Tim Holloway

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since Jun 25, 2001
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Android Eclipse IDE Tomcat Server Redhat Java Linux
Long-time moderator for the Tomcat and JavaServer Faces forums. Designer and manager for the mousetech.com enterprise server farm, which runs VMs, a private cloud and a whole raft of Docker containers.
These days, doing a lot of IoT stuff with Arduinos and Raspberry Pi's.
Jacksonville, Florida USA
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Recent posts by Tim Holloway

Some editors have a "display blank characters" mode (like Microft Word). In that case, if you turn it on, spaces may show as dots and tabs might show as arrows.
18 hours ago
First, go back and read the "future improvements" hints that I gave you at the end of your earlier problem: webpage You need to do these things, because using crude force like you are doing now will cost much in both performance and reliability in your table display.

Next, make sure that you know the distinction between the number of rows in the View (extendedDataTable) and the Model (tmunicipios bean). The view can show the entire contents of the table DataModel or it can show a subset (fixed number of rows).  Tne clientRows attribute of the extendedDataTable indicates the number of rows to display. The number of rows in the DataModel (tmunicipios.municipio) is simply the size of the List or array that holds those rows. The AJAX properties of the  extendedDataTable tag determine whether the rows can be fetched from within the DataModel without refreshing the entire webpage [iii]versus[/i] just fetching and updating the table view within the current page (without re-drawing everything else).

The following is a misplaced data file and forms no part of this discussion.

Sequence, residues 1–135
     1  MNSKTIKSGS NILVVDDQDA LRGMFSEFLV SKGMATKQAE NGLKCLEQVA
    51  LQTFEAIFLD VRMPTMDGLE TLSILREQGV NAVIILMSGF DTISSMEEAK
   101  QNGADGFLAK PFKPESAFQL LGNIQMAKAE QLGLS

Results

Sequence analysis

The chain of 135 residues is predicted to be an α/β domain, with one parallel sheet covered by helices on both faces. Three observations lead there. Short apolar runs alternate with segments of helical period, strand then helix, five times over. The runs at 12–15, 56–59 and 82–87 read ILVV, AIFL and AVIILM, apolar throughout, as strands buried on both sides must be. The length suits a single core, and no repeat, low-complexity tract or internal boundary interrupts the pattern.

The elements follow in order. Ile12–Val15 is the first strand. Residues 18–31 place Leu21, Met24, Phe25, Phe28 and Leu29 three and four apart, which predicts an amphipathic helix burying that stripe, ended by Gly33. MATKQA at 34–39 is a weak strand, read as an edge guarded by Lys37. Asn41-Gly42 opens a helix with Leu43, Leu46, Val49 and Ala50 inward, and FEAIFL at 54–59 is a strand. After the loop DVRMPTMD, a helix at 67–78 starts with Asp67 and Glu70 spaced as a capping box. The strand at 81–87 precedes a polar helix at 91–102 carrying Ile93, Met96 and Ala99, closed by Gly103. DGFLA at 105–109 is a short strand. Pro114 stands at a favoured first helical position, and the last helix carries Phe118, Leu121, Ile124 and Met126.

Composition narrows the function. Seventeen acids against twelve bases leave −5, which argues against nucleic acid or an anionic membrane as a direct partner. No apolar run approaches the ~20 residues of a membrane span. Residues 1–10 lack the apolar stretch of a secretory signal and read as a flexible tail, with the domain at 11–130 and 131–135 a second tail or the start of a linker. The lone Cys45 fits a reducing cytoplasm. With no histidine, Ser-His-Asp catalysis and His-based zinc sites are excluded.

If you want all of the rows in the DataModel to display without scrolling or fetching, set clientRows to 0. Otherwise, the dataTable will only display as many rows out of the DataModel as you indicate. If there are fewer rows in the DataModel than the value of clientRows, the dataTable will only display what's available and either shorten the table display or pad it with filler.
18 hours ago
That's the problem with interpreted languages like python. Bad code doesn't show up until something tries to compile it. Python's a really bad offender because if you print the code and examine it, bad use of tabs won't be detectable.

So the brute-force way to check bad indentation is to actually run the code.

If you can't do that or want something more refined, use a "lint" utility. Lint utilities, plus other useful code analysis tools for Python are listed here: https://realpython.com/python-code-quality/#linters

Some IDEs and text editors can be helpful in that they can be instructed to not use tab characters and/or to replace tabs with spaces.
22 hours ago
Note the difference:

LstCidade is set to "SELECT MunicipioFROM Tabela_Cadastro_Municipios".

Compare to:

LstEspecialidade is set to "SELECT Especialidade FROM Tabela_Especialidades_Medica".

See the difference?
1 day ago

Evaluates to:
Which is not valid SQL. That should have thrown an Exception and been reported on the server log.
1 day ago

Stephan van Hulst wrote:Because Double isn't a primitive, but an object.

Boldfaced for emphasis. A Double cannot be cast to a primitive, but the Double intValue() method can do what you want.

For that matter, you can do a Double x; int i = (int)x.doubleValue(); or even (int)x.floatValue(), but that's just making things more complicated.

Zulfi Khan wrote:
This is not a built in project. I am running Netbeans for the first time on ubuntu 18.04 so I am getting java.lang problem. Netbeans is not able to recognize the "String" class.

I don't know what the difference between a "built in" project and a non-"built in" project is supposed to be, but unless NetBeans is a lot different than I remember, every bit of user code visible to NetBeans must be in a NetBeans project.

And the project needs to have a JDK associated with it.

Normally when you install an IDE, it looks to see what JDKs and JVMs it can locate that are already in your system and will register one or more of them for use to compile and run NetBeans projects. If you installed NetBeans before installing a JVM, it may not have been able to do so, in which case I'd expect to see an error like what you are getting.